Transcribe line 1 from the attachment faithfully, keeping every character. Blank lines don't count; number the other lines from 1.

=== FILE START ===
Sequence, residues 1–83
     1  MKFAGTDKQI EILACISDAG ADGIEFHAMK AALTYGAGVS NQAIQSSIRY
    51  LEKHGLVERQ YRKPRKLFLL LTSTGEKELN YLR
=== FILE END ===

Sequence, residues 1–83